NY, NJ and CT require travelers from states with high coronavirus rates to quarantine for two weeks
(CNN) -- New York, New Jersey and Connecticut issued a travel advisory Wednesday that requires people arriving from states with high coronavirus rates to quarantine for 14 days.
New York Gov. Andrew Cuomo, New Jersey Gov. Phil Murphy and Connecticut Gov. Ned Lamont said the travel advisory applies to anyone coming from a state with a transmission rate above 10 per 100,000 people on a seven-day rolling average or 10 percent of the total population testing positive on a seven-day rolling average.
"We have to make sure the virus doesn't come in on a plane," Cuomo said.
"We worked very hard to get the viral transmission rate down, and we don't want to see it go up," he added.
As of Wednesday, the advisory applies to Alabama, Arkansas, Arizona, Florida, North Carolina, South Carolina, Washington, Utah and Texas. It begins tonight at midnight.
Cuomo said each of New York, New Jersey and Connecticut will be responsible for its own enforcement of the quarantine.
In New York, Cuomo said, those violating the quarantine could be subject to a judicial order and mandatory quarantine, and fines are $2,000 for the first violation, $5,000 for the second violation, and $10,000 if you cause harm.
Cases are under control in tri-state area
The announcement is a 180-degree flip from just a few months ago, when the tri-state area, and New York City in particular, was the epicenter of the pandemic.
In late March, President Donald Trump considered placing the three states under quarantine, Rhode Island police stopped vehicles with New York license plates, and Florida directed all travelers from the tri-state area to isolate or quarantine for two weeks.
Months of strict lockdown rules, widespread testing and imperfect attempts at contact tracing have brought cases under control in the tri-state area and the region. New cases are on the decline this past week compared to the week before in New York, New Jersey and Connecticut.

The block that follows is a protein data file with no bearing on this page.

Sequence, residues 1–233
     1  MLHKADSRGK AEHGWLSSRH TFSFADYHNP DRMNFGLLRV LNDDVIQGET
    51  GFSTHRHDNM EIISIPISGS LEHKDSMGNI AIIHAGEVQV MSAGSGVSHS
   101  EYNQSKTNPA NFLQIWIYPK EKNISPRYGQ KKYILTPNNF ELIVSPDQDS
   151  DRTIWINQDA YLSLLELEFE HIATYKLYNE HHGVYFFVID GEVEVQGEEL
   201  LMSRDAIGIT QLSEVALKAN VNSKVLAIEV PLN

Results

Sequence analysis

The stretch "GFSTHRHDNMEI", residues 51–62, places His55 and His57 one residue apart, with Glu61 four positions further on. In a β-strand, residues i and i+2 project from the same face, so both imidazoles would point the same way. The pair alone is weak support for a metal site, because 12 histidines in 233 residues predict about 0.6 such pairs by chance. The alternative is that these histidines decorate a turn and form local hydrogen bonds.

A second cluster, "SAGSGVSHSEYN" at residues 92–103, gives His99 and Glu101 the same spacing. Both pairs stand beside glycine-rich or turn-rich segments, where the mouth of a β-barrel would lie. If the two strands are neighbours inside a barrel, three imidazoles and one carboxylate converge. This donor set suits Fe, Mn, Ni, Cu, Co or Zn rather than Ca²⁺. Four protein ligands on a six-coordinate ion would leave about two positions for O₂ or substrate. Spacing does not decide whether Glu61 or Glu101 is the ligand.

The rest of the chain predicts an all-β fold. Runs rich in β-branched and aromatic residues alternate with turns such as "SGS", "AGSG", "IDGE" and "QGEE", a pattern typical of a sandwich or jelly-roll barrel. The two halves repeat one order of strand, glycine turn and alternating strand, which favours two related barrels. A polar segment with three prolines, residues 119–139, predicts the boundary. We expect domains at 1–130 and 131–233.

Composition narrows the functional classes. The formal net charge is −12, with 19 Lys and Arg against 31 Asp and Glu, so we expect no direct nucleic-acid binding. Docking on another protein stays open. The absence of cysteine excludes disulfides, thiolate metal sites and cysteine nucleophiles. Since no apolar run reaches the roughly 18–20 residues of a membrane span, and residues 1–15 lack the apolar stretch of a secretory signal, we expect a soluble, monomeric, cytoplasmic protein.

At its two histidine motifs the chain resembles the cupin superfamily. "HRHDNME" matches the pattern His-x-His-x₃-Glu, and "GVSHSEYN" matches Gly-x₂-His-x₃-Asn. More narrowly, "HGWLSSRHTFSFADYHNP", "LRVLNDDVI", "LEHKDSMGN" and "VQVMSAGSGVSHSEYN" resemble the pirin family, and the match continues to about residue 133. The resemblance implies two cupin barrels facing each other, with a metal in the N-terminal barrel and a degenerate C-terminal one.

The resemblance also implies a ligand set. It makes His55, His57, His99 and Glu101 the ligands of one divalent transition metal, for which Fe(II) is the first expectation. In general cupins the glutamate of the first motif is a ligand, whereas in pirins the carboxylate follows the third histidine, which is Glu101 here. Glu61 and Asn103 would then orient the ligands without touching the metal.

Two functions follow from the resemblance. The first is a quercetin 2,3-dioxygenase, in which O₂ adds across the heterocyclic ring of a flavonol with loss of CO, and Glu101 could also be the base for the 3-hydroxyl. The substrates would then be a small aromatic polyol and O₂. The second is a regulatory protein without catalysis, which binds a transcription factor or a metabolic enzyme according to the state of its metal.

But now, states in the South and West are seeing what Dr. Anthony Fauci, a member of the White House coronavirus task force, called a "disturbing surge" in cases. As of Wednesday, 26 states reported an increase in cases in the past week compared to the week prior, and that increase has been particularly stark in heavily populated states like California, Texas, Florida and Arizona.
Gov. Murphy of New Jersey said the tri-state area had "broken the back of this virus" with its public health efforts and praised the travel advisory.
"It's the right thing to do, it's the common sense thing to do, it's the responsible thing to do," Murphy said.
Gov. Lamont of Connecticut said they "reluctantly" decided to institute the travel advisory, adding, "the Northeast region is taking this seriously."
"We're not an island and as we look around the rest of the country, you know we have seen, not just spikes, but real community spread," he said.
Lack of national infrastructure
The interstate travel restrictions are just another consequence of the federal government's inability to create a robust national public health infrastructure. The lack of nationwide rules and effective supply chains has largely left each state on its own and had the effect of pitting them against each other.
Even now, 19 states have no requirements for residents to wear facemasks -- the simplest and cheapest layer of defense against a virus with no vaccine and no widely effective treatment.
Indeed, Gov. Cuomo has openly mocked other states that he said were acting politically rather than scientifically.
"New York went from one of the highest infection rates in the country to one of the lowest because we made decisions based on science -- not politics," he said Tuesday. "We're seeing in other states what happens when you just reopen with no regard for metrics or data. It's bad for public health and for the economy, and states that reopened in a rush are now seeing a boomerang."
As part of its phased reopening, New York required regions to meet certain metrics around testing, contact tracing, and hospital admissions and available beds. New York City, the final region to reopen, moved to the second phase of its reopening on Monday after seeing continued improvement in each metric.
Still, Dr. Richard Besser, former acting director of the US Centers for Disease Control and Prevention, said no state has yet effectively reopened its economy safely.
"We have to figure out how to make that transition in a successful way, or every state that reopens, even those that have done a really good job at tamping this down, are going to see pretty dramatic rises and we're going to end up back to where we were," Besser said.
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